8th Grade Performance Task
Contributed by: New York State Alternative Assessment in Science
Project (NYSED)
1996 Administration
Description:
Students determine how fast a bottle will roll down a ramp with
varying amounts of sand inside. They then predict how much sand
is in an unknown bottle, and how fast bottles with different amounts
would roll. The task assesses students' abilities to make simple
observations, compare relative speeds, apply their observations
and measurements to test an unknown, make generalized inferences
from their observations, and apply their understanding make predictions.
This task is designed to take students approximately 1015 minutes
to complete.
Components:
 Administration Procedures
 Directions to the student
 Scoring Rubric
 Examples of student work
 Technical quality data
Overall Task Content Area:
 Physical Science
Specific Knowledge Areas:
 Motion and forces
Performance Expectations:
 conducting investigations
 gathering, organizing, and representing data
 formulating conclusions from investigational data
 Applying scientific principles to develop explanations and solve
new problems
National Science Education Standards:
8 B PS 2: Motions and Forces: Grades 58
2.1 The motion of an object can be described by its position,
direction of motion, and speed. That motion can be measured and represented
on a graph.
8 A SI 1: Abilities necessary to do scientific inquiry:
Grades 58
1.4 Students should base their explanations on what they
observed, and as they develop cognitive skills, they should be able
to differentiate explanation from description providing causes
for effects and establishing relationships based on evidence and
logical argument. This standard requires a subject matter knowledge
base so the students can effectively conduct investigations, because
developing explanations establishes connections between the content
of science and contexts within which students develop new knowledge.
1.5 Think critically and logically to make the relationship
between evidence and explanations. Thinking critically about evidence
includes deciding what evidence should be used and accounting for
anomalous data. Specifically, students should be able to review
data from a simple experiment, summarize the data, and form a logical
argument about the cause and effect relationships in the experiment.
Students should begin to state some explanations in terms of the
relationship between two or more variables.
(Use the "hot" link on the PALS home page
to check the full text of related National Science Education Standards,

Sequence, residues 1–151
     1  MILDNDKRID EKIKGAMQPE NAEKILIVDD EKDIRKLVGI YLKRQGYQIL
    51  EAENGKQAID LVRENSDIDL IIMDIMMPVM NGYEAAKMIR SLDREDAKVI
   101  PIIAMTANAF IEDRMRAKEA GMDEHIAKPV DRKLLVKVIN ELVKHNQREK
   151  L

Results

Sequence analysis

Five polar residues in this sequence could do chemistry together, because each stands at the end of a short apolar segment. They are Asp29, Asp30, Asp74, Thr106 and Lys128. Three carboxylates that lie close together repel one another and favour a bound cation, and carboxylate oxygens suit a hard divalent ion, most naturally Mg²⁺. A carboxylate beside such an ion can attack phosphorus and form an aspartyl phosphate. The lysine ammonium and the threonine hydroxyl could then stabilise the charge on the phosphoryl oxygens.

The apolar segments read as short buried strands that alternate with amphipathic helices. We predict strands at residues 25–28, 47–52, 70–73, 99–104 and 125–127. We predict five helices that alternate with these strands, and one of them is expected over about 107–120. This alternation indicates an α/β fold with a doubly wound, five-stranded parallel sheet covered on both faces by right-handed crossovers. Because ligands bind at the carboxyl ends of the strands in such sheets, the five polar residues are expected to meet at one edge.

if desired.)
National Council of Teachers of Mathematics:
AL1: Understand patterns, relations and functions:
Grades 68 f. represent, analyze, and generalize a variety
of patterns with tables, graphs, words, and, when possible, symbolic
rules
DAP3: Develop and evaluate
inferences and predictions that are based on data:
Grades 68 c. use observations about differences
between two or more samples to make conjectures about the populations
from which the samples were taken
AL4: Analyze change in various contexts:
Grades 68 e. use graphs to analyze the nature of changes
in quantities in linear relationships
PS2: Solve problems that arise in mathematics
and in other contexts:
Grades 68
RP2: Make and investigate mathematical
conjectures:
Grades 68
COM2: Communicate their mathematical thinking
coherently and clearly to peers, teachers, and others:
Grades 68
General Instructions to the Teacher:
This task is designed to take students approximately 1015 minutes
to complete.
Students will be working individually during this exercise.
Students should be ready to work as soon as the period begins.
The materials should be set out at each lab station, if possible.
A central supply area, if needed, should be easily accessible. All
supplies should be clearly labeled.
Materials for "Sand in Bottles":
The teacher will need:
 white or construction sand
 plastic bottles with caps at both ends  size 148 ml
 hot glue
At this station students should have:
 5 bottles labeled A, B, C, D, and X
 2 books approximately 1 inch thick
 clipboard
Advance Preparation:
 Fill enough bottles for each student or station accordingly.
 Bottle A  full of sand
 Bottle B  1/2 full of sand
 Bottle C  1/4 full of sand
 Bottle D  empty
 Bottle X  full of sand
 Bottles must be smooth so that they will roll down the clipboard
easily.
 Slide a piece of paper inside each of the bottles so that the
students cannot see inside.
 Seal the tops with glue to avoid spills.
 To make the bottles roll evenly  glue a cap on the bottom
of the bottles as well.
 Film containers will work if they have tops that push inside
to seal.
Safety:
 Caution the students if glass bottles are used.
 Be careful.
 Teachers and students should always exercise appropriate safety
precautions and utilize appropriate laboratory safety procedures
and equipment when working on science performance tasks.
Extensions/modifications:
 Medicine vials or film containers can also be used.
 Any hard surface such as, fiberboard, smooth wood or cardboard
may be used to create the incline.